By Maryland Senator Roy Dyson
It started with a very angry phone call to my office during the last election for Circuit Court Judges in St. Mary's County in 2004. I've had angry constituents calling to complain about various issues during my many years of public service, but this one was especially strong. The constituent, who said he was an independent, was furious that he could not vote in the primary for Circuit Court Judge, which is part of a "nonpartisan" system to elect circuit court judges.
This led me to introduce Senate Bill 324 - a bi-partisan piece of legislation that was co-sponsored by Republican Senator Allan Kittleman of Carroll and Howard counties and had nothing at all to do with the upcoming election for Circuit Court judges in St. Mary's counties.
Senate Bill 324 allows any voter, regardless of partyDemocrat, Republican, Independent, Green or unaffiliatedto vote for Circuit Court Judges in any state primary election. It's that simple. Right now, only Republicans and Democrats can vote in the primary for circuit court judge. Unfortunately, this bill did not pass in this year's General Assembly Session afterof all peoplejudges throughout the state fought it saying they didn't believe they should be subject to elections. I believe this is wrong and I plan to re-introduce the legislation, which passed by a unanimous vote in the Senate but died in the House Judiciary Committee, again during the 2007 General Assembly Session.
Ironically, state Senators and Delegates who make many of the laws that these mostly longtime sitting judges often have to enforce, only serve four-year terms before facing election.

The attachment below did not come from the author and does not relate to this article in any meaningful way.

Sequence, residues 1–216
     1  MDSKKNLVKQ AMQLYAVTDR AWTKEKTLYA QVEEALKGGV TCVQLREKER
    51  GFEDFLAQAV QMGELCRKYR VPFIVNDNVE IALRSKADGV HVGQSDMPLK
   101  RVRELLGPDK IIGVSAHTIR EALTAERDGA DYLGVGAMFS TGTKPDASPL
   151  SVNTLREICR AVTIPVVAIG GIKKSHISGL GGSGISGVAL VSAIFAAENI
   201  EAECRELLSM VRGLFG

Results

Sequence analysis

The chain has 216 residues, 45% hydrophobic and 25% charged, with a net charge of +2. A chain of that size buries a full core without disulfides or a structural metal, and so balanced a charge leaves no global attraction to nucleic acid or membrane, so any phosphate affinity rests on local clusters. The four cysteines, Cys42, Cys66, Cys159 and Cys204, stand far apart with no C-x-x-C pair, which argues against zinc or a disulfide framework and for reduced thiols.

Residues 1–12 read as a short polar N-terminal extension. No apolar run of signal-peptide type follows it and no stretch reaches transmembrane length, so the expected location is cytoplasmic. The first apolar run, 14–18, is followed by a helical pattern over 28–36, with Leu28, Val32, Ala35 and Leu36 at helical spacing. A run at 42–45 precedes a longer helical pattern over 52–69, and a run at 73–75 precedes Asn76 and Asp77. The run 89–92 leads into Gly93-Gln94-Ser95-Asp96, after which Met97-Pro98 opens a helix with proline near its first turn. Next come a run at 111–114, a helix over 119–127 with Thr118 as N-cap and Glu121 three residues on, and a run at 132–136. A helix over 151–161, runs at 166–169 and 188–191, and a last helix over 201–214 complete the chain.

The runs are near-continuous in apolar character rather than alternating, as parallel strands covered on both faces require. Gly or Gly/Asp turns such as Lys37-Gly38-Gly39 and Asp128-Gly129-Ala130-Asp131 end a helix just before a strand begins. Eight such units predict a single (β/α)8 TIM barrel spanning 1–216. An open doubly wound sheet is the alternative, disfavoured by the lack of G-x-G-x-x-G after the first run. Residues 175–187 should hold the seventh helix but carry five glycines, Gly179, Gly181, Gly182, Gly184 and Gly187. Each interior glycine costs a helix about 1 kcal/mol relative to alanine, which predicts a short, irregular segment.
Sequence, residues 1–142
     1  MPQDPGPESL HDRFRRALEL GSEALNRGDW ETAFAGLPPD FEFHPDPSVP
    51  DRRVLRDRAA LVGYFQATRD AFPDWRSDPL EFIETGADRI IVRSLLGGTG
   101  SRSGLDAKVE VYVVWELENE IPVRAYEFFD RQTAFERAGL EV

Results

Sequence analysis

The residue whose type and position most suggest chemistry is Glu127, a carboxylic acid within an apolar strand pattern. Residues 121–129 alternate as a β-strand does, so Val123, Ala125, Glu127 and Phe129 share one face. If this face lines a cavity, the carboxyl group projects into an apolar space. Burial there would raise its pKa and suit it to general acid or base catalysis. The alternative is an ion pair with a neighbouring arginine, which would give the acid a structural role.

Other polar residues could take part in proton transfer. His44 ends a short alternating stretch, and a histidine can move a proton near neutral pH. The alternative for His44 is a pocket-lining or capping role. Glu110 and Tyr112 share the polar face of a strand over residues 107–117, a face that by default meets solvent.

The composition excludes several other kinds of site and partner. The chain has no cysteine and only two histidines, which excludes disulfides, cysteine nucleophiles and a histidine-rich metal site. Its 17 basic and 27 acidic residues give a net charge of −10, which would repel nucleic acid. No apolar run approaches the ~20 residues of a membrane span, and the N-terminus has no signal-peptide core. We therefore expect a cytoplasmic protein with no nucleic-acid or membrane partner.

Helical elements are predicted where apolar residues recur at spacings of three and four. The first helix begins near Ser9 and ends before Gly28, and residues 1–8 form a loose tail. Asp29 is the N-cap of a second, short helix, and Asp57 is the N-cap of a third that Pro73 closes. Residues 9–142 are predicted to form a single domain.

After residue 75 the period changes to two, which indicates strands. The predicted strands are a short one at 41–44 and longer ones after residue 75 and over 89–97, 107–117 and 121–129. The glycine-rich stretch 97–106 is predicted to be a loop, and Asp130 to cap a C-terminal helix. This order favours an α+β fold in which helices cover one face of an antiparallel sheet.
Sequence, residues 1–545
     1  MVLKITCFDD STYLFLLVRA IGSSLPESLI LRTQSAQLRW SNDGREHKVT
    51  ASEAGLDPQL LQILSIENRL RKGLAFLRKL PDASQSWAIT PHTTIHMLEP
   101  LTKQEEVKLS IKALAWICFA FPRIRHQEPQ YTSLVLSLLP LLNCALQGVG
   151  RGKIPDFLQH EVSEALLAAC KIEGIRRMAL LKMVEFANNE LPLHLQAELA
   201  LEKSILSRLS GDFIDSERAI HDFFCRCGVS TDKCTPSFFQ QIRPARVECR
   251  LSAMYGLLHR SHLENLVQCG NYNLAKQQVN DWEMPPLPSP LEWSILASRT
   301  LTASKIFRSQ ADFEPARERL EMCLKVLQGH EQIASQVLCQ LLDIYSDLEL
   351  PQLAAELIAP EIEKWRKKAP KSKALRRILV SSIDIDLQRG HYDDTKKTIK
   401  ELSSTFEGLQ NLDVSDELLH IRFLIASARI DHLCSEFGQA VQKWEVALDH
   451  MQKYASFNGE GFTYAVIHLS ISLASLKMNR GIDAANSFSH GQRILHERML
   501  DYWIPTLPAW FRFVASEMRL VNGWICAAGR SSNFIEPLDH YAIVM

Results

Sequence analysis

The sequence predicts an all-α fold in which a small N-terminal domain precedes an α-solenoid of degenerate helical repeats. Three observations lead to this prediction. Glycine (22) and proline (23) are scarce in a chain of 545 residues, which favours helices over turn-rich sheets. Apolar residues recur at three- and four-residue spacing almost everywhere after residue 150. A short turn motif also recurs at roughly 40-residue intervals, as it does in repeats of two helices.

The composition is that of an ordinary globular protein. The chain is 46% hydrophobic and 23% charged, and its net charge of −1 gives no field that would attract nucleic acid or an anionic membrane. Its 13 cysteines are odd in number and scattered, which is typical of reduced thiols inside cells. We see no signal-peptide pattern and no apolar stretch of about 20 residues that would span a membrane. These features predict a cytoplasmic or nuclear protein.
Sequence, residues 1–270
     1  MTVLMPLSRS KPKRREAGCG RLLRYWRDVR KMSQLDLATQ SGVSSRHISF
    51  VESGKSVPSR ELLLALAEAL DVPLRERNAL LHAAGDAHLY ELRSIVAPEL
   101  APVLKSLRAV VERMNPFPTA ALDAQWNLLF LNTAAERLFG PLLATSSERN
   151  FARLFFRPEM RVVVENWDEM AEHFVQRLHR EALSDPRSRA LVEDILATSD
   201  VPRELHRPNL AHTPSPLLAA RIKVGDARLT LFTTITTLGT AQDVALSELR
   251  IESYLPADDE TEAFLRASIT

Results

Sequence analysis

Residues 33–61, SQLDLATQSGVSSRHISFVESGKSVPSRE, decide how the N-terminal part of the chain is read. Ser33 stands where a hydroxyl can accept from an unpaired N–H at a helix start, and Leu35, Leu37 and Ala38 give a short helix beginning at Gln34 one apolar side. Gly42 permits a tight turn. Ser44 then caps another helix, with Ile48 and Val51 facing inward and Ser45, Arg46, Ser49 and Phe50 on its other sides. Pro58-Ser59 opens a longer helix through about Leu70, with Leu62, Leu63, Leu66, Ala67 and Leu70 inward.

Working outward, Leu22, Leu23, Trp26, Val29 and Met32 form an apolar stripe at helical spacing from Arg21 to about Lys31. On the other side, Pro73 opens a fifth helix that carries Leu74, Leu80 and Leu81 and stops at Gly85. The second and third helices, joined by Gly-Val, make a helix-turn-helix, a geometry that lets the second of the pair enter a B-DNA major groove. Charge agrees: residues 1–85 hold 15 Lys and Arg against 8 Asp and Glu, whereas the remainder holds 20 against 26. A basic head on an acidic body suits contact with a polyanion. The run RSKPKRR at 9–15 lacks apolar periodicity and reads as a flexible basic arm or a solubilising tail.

The governor appoints Circuit Court judges in Maryland, but that appointment is temporary until the next election after the appointed judge has been in office for at least one year. Then the voters can chose that appointed judge or any other candidate for a full 15-year term.
Such was the case in 2004 when my friend, former Speaker of the House and Circuit Court Judge John Hanson Briscoe, retired from full-time duty on the bench and Judge Abrams was appointed. She faced election in the Republican and Democratic primaries. Judge Abrams, a fine jurist, won both primaries which essentially meant the election was over and she is now serving a 15-year term.
Currently, three candidates are vying in both primary elections for the Circuit Court seat in St. Mary's County. Judge Stamm is the appointed judge who replaced Marvin Kaminetz after his retirement after years of distinguished service. Judge Stamm, also a good jurist, is running against two good candidates in Shane Mattingly and George Sparling in the Democratic and Republican primaries. If any candidate wins both primaries, he immediately wins the seat and only his name is on the general election ballot.
However, while any of the candidates would make excellent choices, the primary election system is what is the problem. This is what Senate Bill 324 would have remedied.
Currently, there are an excess of 490,000 unaffiliated, Green, Libertarian or other voters in the State of Maryland.
In St. Mary's County, there are 8,800 of these registered voters who can't vote because they are neither a Democrat nor Republican. In Calvert there are 8,000 who can't vote and in Charles there are 12,500. So, if the situation we now have in St. Mary's and had two years ago happens in any other county, about 20 percent of the electorate will not be able to express their constitutional right to vote.
Public confidence in our court system is essential. To not allow 20 percent of the electorate to vote for an independent judiciary is a dangerous precedent. That is why it is essential this bill passes next year.